In Chapter 13 bankruptcy debtors file a plan proposing to reorganize their debts. The plan basically says that the debtor intends to pay the creditors (or not pay them) and may change the way in which they are paid as well. After filing the plan, a confirmation hearing is scheduled where the plan is considered by the court and if all goes well it is approved by a judge.
However, creditors don’t get paid automatically simply because they are listed in a Chapter 13 plan. They have to file a document called a proof of claim. The proof of claim states how much they are owed, what type of claim they have (secured, unsecured, or priority), and lists the collateral for their loan, if any. If the creditor does not file a proof of claim then they will not be paid by the trustee. This is usually a very good thing for the debtor. In cases where debtors are repaying all of their debt, having a creditor not file a proof of claim could be like winning the lottery. I have had clients with cases in which they propose to pay back over a $100,000 in debt over the duration of their five-year plan, and only 20 to 30 percent of claims are filed. They basically saved $70,000 to $80,000 because their creditors failed to file a document with the court.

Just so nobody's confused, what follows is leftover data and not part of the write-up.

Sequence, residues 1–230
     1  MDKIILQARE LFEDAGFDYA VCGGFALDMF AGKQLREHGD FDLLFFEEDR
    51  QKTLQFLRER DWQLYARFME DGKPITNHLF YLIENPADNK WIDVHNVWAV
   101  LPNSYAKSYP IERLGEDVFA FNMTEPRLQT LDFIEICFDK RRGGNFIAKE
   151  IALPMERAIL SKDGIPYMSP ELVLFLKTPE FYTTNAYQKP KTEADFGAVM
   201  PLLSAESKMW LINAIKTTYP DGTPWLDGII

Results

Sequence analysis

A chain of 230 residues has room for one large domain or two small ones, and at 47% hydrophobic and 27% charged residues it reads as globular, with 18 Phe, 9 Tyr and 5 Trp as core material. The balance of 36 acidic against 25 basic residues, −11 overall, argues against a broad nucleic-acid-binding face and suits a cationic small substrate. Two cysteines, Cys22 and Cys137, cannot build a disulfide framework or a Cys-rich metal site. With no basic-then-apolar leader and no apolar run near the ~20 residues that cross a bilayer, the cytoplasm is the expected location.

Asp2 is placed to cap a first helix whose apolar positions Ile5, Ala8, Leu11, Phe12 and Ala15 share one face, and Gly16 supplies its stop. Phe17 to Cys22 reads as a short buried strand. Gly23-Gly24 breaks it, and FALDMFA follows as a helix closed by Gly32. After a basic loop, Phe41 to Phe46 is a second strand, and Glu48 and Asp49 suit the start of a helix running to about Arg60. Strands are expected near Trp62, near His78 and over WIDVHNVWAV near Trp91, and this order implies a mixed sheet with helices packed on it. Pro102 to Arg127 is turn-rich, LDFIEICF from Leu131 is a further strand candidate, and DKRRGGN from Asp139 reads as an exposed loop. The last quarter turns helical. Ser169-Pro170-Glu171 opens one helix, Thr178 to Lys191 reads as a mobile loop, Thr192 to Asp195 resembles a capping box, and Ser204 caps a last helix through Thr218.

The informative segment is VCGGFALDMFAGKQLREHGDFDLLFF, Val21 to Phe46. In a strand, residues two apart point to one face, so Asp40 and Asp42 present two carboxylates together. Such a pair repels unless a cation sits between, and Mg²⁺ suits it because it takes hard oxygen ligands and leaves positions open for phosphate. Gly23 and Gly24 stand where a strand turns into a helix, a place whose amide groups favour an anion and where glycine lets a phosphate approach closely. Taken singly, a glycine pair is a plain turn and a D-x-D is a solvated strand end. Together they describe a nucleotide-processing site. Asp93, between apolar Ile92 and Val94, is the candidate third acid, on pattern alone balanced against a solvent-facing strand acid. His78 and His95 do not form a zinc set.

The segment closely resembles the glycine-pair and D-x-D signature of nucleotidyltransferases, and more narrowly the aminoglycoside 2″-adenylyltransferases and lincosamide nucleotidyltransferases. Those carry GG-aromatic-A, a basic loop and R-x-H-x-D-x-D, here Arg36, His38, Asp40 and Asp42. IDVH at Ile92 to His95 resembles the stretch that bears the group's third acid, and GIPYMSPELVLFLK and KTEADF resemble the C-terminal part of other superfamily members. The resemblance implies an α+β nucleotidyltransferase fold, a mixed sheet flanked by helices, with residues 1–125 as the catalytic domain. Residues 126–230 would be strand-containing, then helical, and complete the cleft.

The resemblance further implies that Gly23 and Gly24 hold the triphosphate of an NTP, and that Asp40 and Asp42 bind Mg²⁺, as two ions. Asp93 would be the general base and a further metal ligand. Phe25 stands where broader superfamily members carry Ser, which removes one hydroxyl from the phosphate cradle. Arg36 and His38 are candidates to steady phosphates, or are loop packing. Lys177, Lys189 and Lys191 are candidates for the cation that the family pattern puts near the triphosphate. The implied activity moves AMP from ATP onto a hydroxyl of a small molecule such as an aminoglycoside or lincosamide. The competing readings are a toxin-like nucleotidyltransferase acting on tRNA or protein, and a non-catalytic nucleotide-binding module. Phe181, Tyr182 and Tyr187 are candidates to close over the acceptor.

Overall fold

On the other hand, there are instances when a creditor doesn’t file a claim but the debtor needs the claim to get paid. The most common example of this situation is when a mortgage company who is being paid mortgage arrears in the plan doesn’t file a proof of claim. The debtor wants their mortgage arrears to be paid so that once the case is finished they will be current on their house. Similarly, car creditors sometimes don’t file a claim when they are being paid through the plan. When creditors don’t file claims the debtor may file one for them. The rules provide that a debtor has thirty days following the expiration of the creditor’s deadline to file a claim of their own.